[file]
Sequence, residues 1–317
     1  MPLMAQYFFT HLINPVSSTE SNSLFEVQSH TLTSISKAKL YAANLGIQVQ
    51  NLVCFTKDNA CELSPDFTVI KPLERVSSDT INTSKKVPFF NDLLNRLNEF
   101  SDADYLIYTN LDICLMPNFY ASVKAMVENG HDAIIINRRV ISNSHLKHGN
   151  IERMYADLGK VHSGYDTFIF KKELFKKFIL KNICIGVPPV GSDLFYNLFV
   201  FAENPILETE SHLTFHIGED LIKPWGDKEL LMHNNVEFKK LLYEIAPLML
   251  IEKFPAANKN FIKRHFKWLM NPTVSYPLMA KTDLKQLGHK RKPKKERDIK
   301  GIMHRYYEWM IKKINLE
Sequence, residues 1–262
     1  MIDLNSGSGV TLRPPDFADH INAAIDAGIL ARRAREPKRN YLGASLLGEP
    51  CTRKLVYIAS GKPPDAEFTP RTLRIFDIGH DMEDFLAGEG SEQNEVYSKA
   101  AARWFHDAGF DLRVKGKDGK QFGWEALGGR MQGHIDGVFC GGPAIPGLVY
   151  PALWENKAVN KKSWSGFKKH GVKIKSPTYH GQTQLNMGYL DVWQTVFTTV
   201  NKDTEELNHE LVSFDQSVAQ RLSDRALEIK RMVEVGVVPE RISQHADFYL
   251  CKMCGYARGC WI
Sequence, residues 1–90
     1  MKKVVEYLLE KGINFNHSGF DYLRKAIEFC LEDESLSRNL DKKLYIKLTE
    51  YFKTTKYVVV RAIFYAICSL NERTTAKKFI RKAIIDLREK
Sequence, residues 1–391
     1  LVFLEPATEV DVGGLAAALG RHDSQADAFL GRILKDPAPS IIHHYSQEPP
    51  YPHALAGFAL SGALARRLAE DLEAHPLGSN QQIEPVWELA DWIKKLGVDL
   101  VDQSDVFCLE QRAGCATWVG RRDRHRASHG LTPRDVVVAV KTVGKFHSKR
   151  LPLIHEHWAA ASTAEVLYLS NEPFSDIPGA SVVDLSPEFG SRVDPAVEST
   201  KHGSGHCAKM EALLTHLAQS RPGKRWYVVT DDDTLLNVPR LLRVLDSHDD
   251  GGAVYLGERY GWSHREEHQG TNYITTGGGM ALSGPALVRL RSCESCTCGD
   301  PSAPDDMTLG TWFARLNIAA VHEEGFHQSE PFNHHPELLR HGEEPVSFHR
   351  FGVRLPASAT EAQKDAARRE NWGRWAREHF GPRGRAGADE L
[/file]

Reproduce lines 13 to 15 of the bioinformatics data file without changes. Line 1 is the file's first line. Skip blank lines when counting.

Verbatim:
   151  PALWENKAVN KKSWSGFKKH GVKIKSPTYH GQTQLNMGYL DVWQTVFTTV
   201  NKDTEELNHE LVSFDQSVAQ RLSDRALEIK RMVEVGVVPE RISQHADFYL
   251  CKMCGYARGC WI